The article explains a very simple circuit of a wireless speaker system which can be used for playing hi quality music wirelessly from your TV set, DVD player, Ipod, cell phone or from any music system.The speaker thus can be placed in any corner of the house within a radial distance of 50 meters and high quality music can be enjoyed without the hassles of long connecting wires.
For implementing the entire wireless speaker system, we actually need to make two sets of circuits, a transmitter circuit for transmitting the music signal from the source input as discussed above and a receiver circuit for receiving the transmitted music signal and for playing it in the attached speaker.
As shown in the figure, the configuration looks a little different from the usual single transistor transmitter circuits where a single stage is used for the audio amplification and for the generation of the modulated carrier waves.
The usual single transistor transmitter circuit has the advantage of smaller and compact size and minimal power consumption, but is not suitable for long and strong signal transmissions.
However since such circuits are commonly used for wireless, stage-microphone applications, the distance is not a factor but compactness and low power consumption is definitely a must, and therefore becomes quite suitable for the intended application.
The present design is not intended for the above application so the first two features are not important, however the proposed idea of a wireless speaker system surely requires a long range and a distortion free power transmission, so that the reception can be heard at any corner of a particular premise or even across an apartment.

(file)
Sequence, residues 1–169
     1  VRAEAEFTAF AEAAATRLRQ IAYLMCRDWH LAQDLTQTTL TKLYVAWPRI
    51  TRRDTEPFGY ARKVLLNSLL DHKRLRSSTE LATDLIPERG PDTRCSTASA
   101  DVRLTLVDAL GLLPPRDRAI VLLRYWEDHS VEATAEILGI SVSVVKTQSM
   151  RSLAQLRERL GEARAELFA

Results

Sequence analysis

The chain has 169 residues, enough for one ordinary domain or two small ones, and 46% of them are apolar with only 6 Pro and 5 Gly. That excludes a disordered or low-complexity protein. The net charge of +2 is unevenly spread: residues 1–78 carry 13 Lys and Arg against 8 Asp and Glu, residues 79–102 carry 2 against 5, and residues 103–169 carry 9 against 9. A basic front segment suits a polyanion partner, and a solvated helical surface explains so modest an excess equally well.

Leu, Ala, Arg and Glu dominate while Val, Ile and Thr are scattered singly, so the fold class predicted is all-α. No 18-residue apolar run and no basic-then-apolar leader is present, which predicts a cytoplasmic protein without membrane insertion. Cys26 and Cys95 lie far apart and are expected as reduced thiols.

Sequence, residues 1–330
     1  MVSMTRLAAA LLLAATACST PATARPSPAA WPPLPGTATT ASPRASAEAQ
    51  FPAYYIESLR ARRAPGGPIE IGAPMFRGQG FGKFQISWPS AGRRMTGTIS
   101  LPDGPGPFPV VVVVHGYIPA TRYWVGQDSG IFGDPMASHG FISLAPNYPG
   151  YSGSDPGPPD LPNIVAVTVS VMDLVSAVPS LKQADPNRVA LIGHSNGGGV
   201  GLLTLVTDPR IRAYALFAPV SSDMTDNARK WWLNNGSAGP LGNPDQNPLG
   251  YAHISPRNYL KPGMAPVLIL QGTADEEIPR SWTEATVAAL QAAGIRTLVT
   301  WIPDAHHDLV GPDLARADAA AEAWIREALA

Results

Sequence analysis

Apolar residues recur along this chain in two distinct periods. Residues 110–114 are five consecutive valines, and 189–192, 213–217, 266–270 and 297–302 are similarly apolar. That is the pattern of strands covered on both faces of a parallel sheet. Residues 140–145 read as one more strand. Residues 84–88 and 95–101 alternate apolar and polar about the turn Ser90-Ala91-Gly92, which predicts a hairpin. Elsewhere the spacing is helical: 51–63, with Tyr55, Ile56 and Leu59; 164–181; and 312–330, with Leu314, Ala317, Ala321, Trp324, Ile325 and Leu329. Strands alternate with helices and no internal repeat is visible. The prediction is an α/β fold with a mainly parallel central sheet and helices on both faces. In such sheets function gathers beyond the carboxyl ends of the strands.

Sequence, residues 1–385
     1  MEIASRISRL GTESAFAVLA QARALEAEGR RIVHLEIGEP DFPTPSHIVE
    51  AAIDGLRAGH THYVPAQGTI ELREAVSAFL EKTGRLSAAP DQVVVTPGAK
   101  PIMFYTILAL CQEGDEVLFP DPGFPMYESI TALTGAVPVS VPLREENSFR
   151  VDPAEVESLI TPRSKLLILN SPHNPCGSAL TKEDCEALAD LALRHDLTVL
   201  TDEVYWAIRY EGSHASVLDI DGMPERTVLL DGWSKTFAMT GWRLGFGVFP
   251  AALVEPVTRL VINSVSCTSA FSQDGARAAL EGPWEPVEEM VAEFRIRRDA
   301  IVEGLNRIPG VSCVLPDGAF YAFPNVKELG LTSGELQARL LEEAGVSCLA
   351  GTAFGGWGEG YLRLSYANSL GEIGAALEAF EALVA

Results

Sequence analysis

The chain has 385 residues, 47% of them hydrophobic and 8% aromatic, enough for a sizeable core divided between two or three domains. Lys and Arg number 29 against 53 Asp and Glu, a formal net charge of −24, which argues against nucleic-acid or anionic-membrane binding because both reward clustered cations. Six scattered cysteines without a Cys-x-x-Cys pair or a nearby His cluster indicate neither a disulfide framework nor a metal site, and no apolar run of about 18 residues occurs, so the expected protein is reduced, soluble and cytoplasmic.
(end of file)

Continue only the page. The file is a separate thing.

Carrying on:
Therefore a stronger signaling or transmission of stronger carries RF signals becomes a necessity.
That’s exactly why we have incorporated a couple of extra stages in addition to the central carrier wave generator stage.
The first transistor and its associated components form a neat little audio amplifier stage and also a buffer between the audio source and the transmitter circuit.
This stage amplifies the received signal to stronger levels, and this stage also allows keeping the volume of the source signal to minimum levels.
The amplified signal is passed on to the next stage, which is the actual RF signal generator stage.
This stage is basically a simple feedback type of oscillator, wired to produce RF signals in the range of around 90 to 100 Mhz.
The amplified signal from the collector T1 start forces T2 to modulate the generated RF with the injected audio signals.
The modulated signal from the collector of T2 can also be directly used for the intended wireless music receiving, however since we are interested in making it more powerful, we introduce another stage which becomes responsible for amplifying the modulated signals to much stronger levels so that it may be heard across many 10s of meters away and even in cell phone radios.
The whole transmitter circuit can be built over a small piece of veroboard and housed inside a suitable sized metal box along with the required power supply section enclosed.
This concludes the transmitter circuit.
The Receiver Circuit
Ideally you won’t need to build this as the receptions can be heard crystal clear over an ordinary FM radio set. Therefore you might just want to use the FM radio itself as the wireless loudspeaker, or probably add an ampli-speaker box in conjunction to you FM receiver.
That’s it, your wireless speaker box system is ready and may be used for listening to any audio transmission without connecting wires across a radial distance of more than 50 meters, if the antenna is made large enough, the range may be well increased to beyond 90 meters.
R2 = 2K2,
R3 = 470 Ohms,
R4 = 39K,
R5 = 470 Ohms,
C1 = 0.1 uF,
C2 = 4.7 uF,
C3, C6 = 0.001uF,
C4 = 3.3pF,
C5 = 10pF,
C7 = 100uF/16V
D1----D4 = 1N4007
L1 = See Text
T1, T2 = BC547B,
T3 = BC557B
TR1 = transformer, 0-9V, 100mA